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Products for grant AKA-265594-19

AKA-265594-19
Textual Science: A Curriculum for Cultural Heritage Recovery
Gregory Heyworth, University of Rochester

Grant details: https://securegrants.neh.gov/publicquery/main.aspx?f=1&gn=AKA-265594-19

Manuscript Studies (Course or Curricular Material)
Title: Manuscript Studies
Author: Anna Siebach Larsen
Abstract: This course explores books and documents before print, exploring them as material objects within their historical and social contexts. We will ask questions about who made books and other documents, how they were designed, who used them, and how they were used. These lines of inquiry (producer, design, user, and function) are closely intertwined: understanding the purpose of a book or document can help us decode its design and even the words on a page – and vice versa. This course will cover all aspects of manuscript production, dissemination, readership and reception, and ownership. The focus will be on Latinate manuscripts of Western Europe, but we will give you the tools to approach manuscripts across a range of cultures and languages. While exploring the context of medieval manuscripts, the course will provide a practical grounding in the terms and practices of manuscript description and transcription, covering paleography (the history of scripts), codicology (the study of the material and physical history of the book), decoration, and diplomatics (the study of official documents).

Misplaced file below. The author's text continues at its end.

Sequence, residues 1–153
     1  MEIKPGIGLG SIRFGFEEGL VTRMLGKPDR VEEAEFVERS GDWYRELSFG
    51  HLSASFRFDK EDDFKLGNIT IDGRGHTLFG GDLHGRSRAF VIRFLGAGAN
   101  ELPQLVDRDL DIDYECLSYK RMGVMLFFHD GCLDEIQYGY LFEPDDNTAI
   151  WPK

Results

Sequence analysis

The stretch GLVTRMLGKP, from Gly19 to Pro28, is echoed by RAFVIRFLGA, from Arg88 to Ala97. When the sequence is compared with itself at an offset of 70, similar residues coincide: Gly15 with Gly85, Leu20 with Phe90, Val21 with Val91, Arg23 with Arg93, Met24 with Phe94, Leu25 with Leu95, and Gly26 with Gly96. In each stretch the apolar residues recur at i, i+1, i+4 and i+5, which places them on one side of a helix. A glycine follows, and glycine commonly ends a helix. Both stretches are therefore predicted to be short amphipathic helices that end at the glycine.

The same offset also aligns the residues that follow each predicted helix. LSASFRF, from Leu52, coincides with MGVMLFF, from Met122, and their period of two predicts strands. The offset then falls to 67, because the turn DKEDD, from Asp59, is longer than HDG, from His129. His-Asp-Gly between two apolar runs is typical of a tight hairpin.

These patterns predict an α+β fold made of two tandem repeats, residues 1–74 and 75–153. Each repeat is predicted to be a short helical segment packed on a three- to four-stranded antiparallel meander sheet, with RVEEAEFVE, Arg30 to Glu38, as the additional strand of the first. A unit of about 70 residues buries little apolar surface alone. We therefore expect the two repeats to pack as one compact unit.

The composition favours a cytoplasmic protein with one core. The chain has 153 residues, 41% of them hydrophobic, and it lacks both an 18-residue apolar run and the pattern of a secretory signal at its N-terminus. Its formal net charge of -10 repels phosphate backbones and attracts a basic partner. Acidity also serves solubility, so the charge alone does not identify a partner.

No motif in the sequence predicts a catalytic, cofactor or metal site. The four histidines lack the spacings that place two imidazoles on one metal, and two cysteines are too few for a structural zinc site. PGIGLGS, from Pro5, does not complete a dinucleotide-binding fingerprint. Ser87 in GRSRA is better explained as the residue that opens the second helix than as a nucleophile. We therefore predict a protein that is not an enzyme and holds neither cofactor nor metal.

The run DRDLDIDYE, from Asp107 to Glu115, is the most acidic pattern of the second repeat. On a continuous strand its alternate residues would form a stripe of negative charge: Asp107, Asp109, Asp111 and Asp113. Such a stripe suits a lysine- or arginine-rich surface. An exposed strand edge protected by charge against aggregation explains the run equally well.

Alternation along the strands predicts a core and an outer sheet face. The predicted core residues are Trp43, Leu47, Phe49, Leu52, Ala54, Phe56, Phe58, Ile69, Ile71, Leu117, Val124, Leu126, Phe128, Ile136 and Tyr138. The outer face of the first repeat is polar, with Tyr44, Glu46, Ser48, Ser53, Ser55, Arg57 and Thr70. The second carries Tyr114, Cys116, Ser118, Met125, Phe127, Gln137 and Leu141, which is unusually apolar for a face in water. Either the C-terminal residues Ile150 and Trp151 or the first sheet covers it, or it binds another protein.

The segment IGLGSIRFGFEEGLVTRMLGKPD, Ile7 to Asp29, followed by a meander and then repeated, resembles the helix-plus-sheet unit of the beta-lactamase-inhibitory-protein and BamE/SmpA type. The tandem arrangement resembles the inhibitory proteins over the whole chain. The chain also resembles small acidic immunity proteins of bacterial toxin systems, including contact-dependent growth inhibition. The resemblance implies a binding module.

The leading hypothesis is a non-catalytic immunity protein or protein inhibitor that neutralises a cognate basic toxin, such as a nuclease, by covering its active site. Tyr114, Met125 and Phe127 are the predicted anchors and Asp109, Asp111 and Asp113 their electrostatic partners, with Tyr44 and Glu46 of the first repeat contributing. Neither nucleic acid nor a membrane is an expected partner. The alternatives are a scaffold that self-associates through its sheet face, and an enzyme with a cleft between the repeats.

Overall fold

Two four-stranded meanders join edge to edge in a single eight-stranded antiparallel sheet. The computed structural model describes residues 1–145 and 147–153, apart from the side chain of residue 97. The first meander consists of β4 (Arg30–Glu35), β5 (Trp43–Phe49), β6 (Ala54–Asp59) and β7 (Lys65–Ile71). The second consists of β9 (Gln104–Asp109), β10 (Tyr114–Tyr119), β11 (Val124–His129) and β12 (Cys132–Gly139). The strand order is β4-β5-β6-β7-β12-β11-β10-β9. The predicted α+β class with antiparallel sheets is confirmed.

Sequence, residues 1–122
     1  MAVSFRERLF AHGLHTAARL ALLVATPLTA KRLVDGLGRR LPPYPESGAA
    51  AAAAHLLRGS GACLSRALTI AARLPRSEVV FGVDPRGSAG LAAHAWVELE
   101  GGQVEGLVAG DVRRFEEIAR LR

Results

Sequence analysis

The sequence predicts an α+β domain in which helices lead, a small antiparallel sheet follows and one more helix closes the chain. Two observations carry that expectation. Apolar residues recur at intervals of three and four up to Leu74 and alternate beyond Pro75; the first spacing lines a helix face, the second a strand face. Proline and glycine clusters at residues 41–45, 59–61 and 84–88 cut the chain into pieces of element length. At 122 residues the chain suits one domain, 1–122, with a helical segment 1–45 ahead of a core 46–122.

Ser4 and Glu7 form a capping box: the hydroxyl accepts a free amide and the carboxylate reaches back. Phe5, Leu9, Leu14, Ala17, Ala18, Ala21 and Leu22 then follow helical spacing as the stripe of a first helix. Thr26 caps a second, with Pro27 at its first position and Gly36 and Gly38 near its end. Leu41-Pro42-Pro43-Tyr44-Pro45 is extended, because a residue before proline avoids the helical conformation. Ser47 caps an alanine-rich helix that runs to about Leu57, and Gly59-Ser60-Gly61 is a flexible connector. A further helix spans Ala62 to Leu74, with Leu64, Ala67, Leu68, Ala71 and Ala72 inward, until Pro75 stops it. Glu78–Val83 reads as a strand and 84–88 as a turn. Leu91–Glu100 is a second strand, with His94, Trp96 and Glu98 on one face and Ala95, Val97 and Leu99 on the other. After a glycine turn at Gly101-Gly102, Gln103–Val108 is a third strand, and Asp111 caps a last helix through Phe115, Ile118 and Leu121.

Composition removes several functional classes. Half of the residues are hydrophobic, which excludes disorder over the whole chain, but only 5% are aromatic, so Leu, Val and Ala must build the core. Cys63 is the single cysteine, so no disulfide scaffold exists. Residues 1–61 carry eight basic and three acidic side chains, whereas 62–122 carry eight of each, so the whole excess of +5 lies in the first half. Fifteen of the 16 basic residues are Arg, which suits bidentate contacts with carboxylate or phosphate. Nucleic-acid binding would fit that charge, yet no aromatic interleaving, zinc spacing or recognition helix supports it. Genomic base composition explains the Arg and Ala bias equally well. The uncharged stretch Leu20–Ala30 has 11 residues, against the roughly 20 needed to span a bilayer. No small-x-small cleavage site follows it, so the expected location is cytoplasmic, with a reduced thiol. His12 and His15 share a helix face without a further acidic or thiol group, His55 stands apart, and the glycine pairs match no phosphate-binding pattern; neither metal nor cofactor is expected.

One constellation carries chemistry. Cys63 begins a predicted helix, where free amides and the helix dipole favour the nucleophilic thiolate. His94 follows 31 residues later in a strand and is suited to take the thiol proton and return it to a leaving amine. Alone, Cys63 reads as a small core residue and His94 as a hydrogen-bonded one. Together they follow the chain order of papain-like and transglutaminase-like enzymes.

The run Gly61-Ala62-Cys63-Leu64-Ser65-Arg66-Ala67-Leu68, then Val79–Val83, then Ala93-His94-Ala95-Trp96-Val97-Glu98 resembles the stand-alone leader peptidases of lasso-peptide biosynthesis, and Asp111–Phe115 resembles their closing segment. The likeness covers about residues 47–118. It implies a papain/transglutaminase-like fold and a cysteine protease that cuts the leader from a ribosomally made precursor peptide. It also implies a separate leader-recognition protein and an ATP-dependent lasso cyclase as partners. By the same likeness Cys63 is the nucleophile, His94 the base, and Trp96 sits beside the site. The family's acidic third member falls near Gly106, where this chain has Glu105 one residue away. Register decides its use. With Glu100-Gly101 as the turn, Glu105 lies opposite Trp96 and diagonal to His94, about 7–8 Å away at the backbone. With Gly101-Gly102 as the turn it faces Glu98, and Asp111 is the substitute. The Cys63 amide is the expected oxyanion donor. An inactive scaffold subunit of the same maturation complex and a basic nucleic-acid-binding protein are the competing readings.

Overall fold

Year: 2020
Audience: Undergraduate

Digital History: Historical Worlds, Virtual Worlds, Virtual Museums (Course or Curricular Material)
Title: Digital History: Historical Worlds, Virtual Worlds, Virtual Museums
Author: Michael Jarvis
Abstract: This course introduces students to some of the techniques of digital history using the Virtual St. George's Project, Digital Elmina Project or historical digital simulations of your own design to practically apply technology to humanistic research and public education.